Celebrating Lunar New Year: the Year of the Ox

William Paterson University Hosts a Virtual Zoom Lecture on Chinese Woodblock New Year Pictures


Hosted By

The Center for Chinese Art in cooperation with the Art Department and the College of Arts and Communication at William Paterson University

To celebrate the Chinese Year of the Ox, the Center for Chinese Art at William Paterson University held and exhibition titled "Art and Culture: Chinese New Year Woodblock Prints" and hosted an accompanying lecture called "The Cultural Connotation and Artistic Value of Chinese Woodblock New Year Pictures" on February 17th. In the web-based lecture, Professor Zhiyuan Cong, director of the Center for Chinese Art, was the keynote speaker. Participants included faculty and students from William Paterson University and nearly 60 scholars and art lovers from the United States, Europe and China.

Dr. Richard Helldobler, President of William Paterson University; Dr. Joshua Powers, Vice President and Provost; Chunmei Chen, Cultural Counselor of the Chinese Consulate General in New York; and Margaret Lam and David Yen, Honorary Directors of the Center for Chinese Art attended and delivered a speech. Dr. Loretta McLaughlin Vignier, Acting Dean of the College of Arts and Communication at William Paterson University, hosted the lecture.

Dr. Helldobler wished everyone Chinese New Year blessings. He pointed out: “For more than a decade, the Center for Chinese Art under the energetic leadership of Professor Cong has made William Paterson a leader in the global efforts to preserve and share China’s rich artistic history through exhibitions, lectures, international study tours, and integrating the traditions of Chinese art into our curriculum.” He further emphasized that this pandemic has clearly demonstrated that the world is more closely interconnected than we once imagined. Therefore, understanding each other’s needs more important than ever.

Dr. Powers pointed out: “The Center for Chinese Art is a unique treasure at William Paterson University and, in the spirit of the Ox, simply refuses to let distraction like a pandemic get in the way of delivering its four-fold goals: […] to integrate Chinese art into the curriculum of American universities; to build a long-term platform for American students to learn and study Chinese art practices and theories; to open a window to the broader community on the richness of Chinese art on the East coast of the United States; and to further a better understanding between the two peoples.”

Chunmei Chen added, “Under the strong support of William Paterson University and dedicated patrons like Margaret Lam, David Yen, and Mr. Ip-Wing Kong, the Center for Chinese Art has become a platform for promoting cultural understanding and people-to-people exchange between China and the United States. There is no doubt that cultural understanding can help place a solid foundation for our relations and facilitate our cooperation in all areas. Therefore, the contribution made by the Center for Chinese Art has been highly appreciated by both sides.” She also discussed how Chinese culture is rooted in the 5,000-year history of the Chinese nation. Its history belongs not only to China, but also to the world. Ms. Chen hoped that the lecture would open a window to explore Chinese culture.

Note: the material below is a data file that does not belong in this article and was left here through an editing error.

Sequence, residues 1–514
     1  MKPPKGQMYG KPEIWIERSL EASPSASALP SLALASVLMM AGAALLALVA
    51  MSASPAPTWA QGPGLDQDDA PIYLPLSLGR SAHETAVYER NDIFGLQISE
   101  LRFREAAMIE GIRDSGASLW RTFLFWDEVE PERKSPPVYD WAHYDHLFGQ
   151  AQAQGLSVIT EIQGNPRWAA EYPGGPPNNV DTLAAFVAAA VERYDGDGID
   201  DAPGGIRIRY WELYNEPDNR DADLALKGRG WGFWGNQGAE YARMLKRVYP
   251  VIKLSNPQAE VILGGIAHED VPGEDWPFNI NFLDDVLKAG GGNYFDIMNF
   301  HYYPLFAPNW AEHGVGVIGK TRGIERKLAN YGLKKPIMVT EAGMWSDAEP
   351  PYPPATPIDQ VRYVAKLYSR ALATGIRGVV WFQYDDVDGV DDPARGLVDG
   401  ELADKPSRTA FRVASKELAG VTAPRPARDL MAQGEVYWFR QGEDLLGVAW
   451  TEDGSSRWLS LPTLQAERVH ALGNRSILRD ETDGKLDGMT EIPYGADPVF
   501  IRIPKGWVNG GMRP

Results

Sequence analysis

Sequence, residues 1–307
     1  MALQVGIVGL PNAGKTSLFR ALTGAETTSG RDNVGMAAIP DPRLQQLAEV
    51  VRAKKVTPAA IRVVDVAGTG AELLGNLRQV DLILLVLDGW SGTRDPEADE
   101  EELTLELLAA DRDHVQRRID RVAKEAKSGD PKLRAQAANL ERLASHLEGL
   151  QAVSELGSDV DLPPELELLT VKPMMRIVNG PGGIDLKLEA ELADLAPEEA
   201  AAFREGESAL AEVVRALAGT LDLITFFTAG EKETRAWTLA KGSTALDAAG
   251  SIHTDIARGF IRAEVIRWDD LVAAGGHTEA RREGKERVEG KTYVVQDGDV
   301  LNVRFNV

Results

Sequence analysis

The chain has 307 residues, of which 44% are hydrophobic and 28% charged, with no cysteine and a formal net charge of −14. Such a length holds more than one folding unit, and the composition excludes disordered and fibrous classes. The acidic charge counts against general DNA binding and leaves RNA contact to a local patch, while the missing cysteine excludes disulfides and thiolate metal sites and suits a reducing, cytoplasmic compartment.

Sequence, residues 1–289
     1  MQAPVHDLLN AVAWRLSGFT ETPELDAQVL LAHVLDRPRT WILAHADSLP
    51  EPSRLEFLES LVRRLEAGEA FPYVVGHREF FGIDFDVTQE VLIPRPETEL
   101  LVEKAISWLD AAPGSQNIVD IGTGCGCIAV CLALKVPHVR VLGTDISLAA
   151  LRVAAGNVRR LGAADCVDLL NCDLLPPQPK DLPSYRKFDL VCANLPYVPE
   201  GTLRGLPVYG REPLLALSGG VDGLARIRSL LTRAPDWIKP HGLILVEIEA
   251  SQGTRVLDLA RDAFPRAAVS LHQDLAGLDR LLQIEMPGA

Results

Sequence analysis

Margaret Lam and David Yen expressed their gratitude to William Paterson University and the Chinese Consulate General in New York for their support to the Center for Chinese Art. They praised Professor Cong for leading faculty and students to make outstanding contributions to the development of the Center, and said that they are honored to be members and will continue to support the Center for Chinese Art.

In the lecture, Zhiyuan Cong made an in-depth and detailed introduction and analysis of the historical origins of Chinese woodblock prints, the historical and cultural connotation of Chinese New Year pictures, the rise and fall of Chinese woodblock print history and its internal and external reasons, and the classification of Chinese woodblock prints. He also discussed the historical position and role of Chinese woodblock New Year pictures in Chinese art and the influence of Chinese woodblock New Year pictures on contemporary art. He compared, demonstrated, analyzed and explained the theoretical philosophy of Chinese woodblock New Year pictures in terms of composition, structure and color particularly with Western Impressionism, Post-Impressionism, Fauvism, Cubism, Expressionism and Abstract Expressionism. His presentation was rich in pictures and texts, the speech was interesting and vivid, the historical context was clear, the amount of information was considerably large, and the professional knowledge ran deep; all the while still easy to understand and receiving very positive feedback and praise from the audience. He also introduced the "Art and Culture: Chinese New Year Woodblock Prints" exhibition, which is currently on display at William Paterson University. After the lecture, the audience asked imaginative questions about the influence of the theories of two-dimensional space and three-dimensional space on modern art, Chinese woodblock New Year pictures and Japanese Ukiyo-e, and the influence of Chinese woodblock New Year pictures on Chinese painting in the 20th century. It was very professional and interesting, and Professor Cong gave satisfactory answers one by one.

Chinese woodblock New Year pictures express the Chinese people's beautiful yearning for happiness, health and a prosperous life, with the implication of eliminating and avoiding evil, which fits the current situation of fighting the new corona virus pandemic. Professor Cong sincerely wishes everyone a happy new year and a good Year of the Ox!

For details about the exhibition, please check the Center for Chinese Art at William Paterson’s website at wpunj.edu/ccart, email: ccart@wpunj.edu or phone: (973) 720-2799.